Cocoa and Cassava production in Nigeria

The following infographics are from Gro Intelligence. The founder’s presentation here about making food more affordable is as informative as the infographics below: helping those who care have clearer pictures of the state of our agricultural products in Nigeria.



Going by the data here, I doubt Nigeria farmers are any better off than Cote d’Ivoire in terms of price paid for their cocoa seeds. In our villages today where cocoa seeds are grown and harvested, hot chocolate (Bournvita/Milo) isn’t regular drinks for many folks, this is hardly surprising given they receive 6% of the price paid for chocolate.

Interesting is the fact that in spite of the increase in demand for cocoa seeds, the price paid to the farmers has significantly gone down compared to the 1980s – I can see why so many people are complaining, I actually didn’t know it has gone this bad.

There are too many middlemen with cocoa trading in Nigeria, farmers are always the one bearing the brunt as most rely on produce buyer to give them the best price. These buyers often have to pass through two or three people before cocoa seeds get out of the country.


This is just unbelievable about cassava. In south of Nigeria, cassava is our thing and one of the easiest root vegetables to grow. Now, it makes more sense, when I came across hectares of cassava plants in Thailand few years ago, I wondered if they too consumed cassava as much as we do but I know better.

To increase cassava processing, we’d undoubtedly require stable electricity, area we still shy away from but must be developed if we are to move forward.

But for how long can we rely on others to supply basics we could have easily produced ourselves?



My favourite infographic – inspiring to read that Ghana is taking a lead in land registration. In Nigeria, this is a hot debate. How can we ever move past ‘dark’ age when most rural land is undocumented?

Thank you Ms Menker for sharing these infographics.

13 thoughts on “Cocoa and Cassava production in Nigeria

  1. Thank you for this insight.
    A few points come to mind.
    1) Given that Nigeria has oil as an ‘get out of jail card’ and has refused to use it wisely, hence we are more prisoners than we have ever been. Oil revenues should have been used carefully to fully develop the agricultural sector. This is really a big shame on Nigeria. People can’t plead poor revenues for agricultural products, when billions of dollars are ‘lost’ from the petroleum sector.
    2) The info graphics are so clear and straightforward. $42 million wasted on the importation of starch. Many sensible nations don’t mess with food security. It seems this concept is lost on Nigeria’s leaders.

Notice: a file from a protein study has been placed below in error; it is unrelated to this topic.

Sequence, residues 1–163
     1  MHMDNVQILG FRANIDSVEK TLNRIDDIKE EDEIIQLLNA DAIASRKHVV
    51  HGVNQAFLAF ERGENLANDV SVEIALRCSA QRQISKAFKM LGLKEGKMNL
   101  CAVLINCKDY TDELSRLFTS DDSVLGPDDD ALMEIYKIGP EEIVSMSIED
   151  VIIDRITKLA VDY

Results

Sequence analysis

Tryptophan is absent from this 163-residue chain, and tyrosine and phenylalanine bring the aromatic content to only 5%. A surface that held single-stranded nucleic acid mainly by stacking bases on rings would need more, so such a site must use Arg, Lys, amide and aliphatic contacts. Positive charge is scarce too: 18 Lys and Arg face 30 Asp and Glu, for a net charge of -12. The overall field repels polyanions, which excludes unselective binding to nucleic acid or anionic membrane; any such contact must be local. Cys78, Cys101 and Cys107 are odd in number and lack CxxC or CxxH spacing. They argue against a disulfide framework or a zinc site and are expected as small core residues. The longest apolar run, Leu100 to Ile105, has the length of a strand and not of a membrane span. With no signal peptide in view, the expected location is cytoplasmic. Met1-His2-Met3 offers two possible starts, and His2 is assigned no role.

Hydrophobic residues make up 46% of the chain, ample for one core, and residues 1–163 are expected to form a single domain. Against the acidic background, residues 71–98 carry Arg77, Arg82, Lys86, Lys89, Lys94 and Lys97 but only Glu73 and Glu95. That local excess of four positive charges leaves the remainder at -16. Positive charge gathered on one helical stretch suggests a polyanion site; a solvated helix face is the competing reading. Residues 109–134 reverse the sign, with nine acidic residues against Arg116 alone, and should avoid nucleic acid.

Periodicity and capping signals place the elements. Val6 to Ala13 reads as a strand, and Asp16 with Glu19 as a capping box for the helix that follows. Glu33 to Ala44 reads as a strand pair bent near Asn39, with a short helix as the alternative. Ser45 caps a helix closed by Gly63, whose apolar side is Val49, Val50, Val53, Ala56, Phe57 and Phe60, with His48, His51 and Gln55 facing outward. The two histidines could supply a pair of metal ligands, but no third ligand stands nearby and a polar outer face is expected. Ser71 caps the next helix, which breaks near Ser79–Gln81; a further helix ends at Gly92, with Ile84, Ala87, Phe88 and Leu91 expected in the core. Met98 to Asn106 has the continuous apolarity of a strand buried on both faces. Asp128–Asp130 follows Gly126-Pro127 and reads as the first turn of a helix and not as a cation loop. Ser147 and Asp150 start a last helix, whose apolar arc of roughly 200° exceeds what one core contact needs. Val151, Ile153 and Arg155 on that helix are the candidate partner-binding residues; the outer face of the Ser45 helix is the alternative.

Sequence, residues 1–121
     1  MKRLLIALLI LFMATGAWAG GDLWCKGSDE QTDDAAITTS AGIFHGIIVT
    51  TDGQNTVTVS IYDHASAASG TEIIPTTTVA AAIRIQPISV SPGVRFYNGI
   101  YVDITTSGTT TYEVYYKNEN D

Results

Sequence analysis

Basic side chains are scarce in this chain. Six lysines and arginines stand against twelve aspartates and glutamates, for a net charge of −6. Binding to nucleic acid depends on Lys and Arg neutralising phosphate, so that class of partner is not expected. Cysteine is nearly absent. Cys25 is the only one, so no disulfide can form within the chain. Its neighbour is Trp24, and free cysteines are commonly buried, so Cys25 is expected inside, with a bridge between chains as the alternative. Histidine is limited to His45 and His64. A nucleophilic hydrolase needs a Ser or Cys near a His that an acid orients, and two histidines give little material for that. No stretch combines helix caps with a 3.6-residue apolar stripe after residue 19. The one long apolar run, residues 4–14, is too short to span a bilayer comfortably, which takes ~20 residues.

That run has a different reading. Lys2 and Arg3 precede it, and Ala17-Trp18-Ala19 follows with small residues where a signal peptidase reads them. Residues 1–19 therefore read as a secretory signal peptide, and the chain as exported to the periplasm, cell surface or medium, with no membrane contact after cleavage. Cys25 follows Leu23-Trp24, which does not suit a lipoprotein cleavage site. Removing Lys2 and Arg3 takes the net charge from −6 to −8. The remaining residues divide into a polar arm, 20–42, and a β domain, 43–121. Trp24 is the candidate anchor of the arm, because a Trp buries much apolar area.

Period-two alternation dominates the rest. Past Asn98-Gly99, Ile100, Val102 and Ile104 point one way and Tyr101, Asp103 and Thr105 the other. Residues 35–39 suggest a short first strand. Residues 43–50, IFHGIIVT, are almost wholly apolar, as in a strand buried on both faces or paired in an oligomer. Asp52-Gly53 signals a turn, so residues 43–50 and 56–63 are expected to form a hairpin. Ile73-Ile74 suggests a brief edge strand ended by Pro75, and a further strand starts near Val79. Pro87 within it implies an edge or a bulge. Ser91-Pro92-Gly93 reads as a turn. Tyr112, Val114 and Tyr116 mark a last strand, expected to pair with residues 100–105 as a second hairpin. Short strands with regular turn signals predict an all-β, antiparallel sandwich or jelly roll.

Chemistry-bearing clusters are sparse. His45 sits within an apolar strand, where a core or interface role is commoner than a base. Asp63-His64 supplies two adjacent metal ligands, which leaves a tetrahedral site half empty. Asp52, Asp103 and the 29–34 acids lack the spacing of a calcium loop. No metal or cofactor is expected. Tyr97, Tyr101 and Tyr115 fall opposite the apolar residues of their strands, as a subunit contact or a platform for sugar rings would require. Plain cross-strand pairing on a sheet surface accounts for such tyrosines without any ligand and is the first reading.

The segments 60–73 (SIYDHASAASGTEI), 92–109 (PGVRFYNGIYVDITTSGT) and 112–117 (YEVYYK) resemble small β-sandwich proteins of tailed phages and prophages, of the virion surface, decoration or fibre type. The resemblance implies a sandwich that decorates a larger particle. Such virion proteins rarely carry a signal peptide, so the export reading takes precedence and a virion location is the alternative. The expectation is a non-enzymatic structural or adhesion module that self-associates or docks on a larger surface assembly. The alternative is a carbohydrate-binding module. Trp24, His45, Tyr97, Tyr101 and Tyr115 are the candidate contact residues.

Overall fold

3) Ghana really is a ‘trail blazer’, see what they are doing by getting their act together on land registration and the benefits go to the farmers. I’m only aware of Cross River State in Nigeria and possibly Lagos taking land registration seriously, the rest are just jokers, wasting people’s time and money.

    Liked by 1 person

    1. See that $42M on starch tells a very sad tale. When I was teenager, whenever I hear about government assisting farmers with fertilisers I knew it was a big lie as it never gets to anyone in my village… the result is all out for us to see now.

      Ghana is doing well in my book and learning about this land registration is another plus. On Lagos, yes they are doing well regarding land registration but it is always messy especially during the construction.
      Here is a an interesting story about buying land in Lagos:


      1. Thank you for sharing the account of land purchase in Lagos state. (Nigeria’s state of excellence). What a trial the fellow went through, lots of traps along the way and dubious people, and to top it all he had to pay a substantial amount to the local thugs (Omo Onile) – that is plain criminality, yet no one questions this.
        I compare this to when I bought a house in Australia, no thugs were involved it was a straight forward matter.
        I now relate this to why people are reluctant to do business in Nigeria, despite all the hype, the nature of business there is not transparent and is very slow and fraught with freeloaders trying to get a piece of the pie, when they have no right. Why go through all this, when you can do a deal more easily elsewhere in the world with less hassle?
        I can only hope that government telling lies about assisting farmers has come to an end, and that proper assistance is rendered to them. People can’t cheat one another and be surprised when we are fooling no one, not even ourselves.

        Liked by 1 person

        1. That was a success story, the fellow is well informed. Notice that he is still expected to get another paperwork from Abuja… I don’t understand all this complexity.

          Like you, I find the big job of buying my property is the search for the right neighbourhood/price and all, the actual exchange was easy, I was even out of the country when the exchange took place, estate agent did the job they were paid for.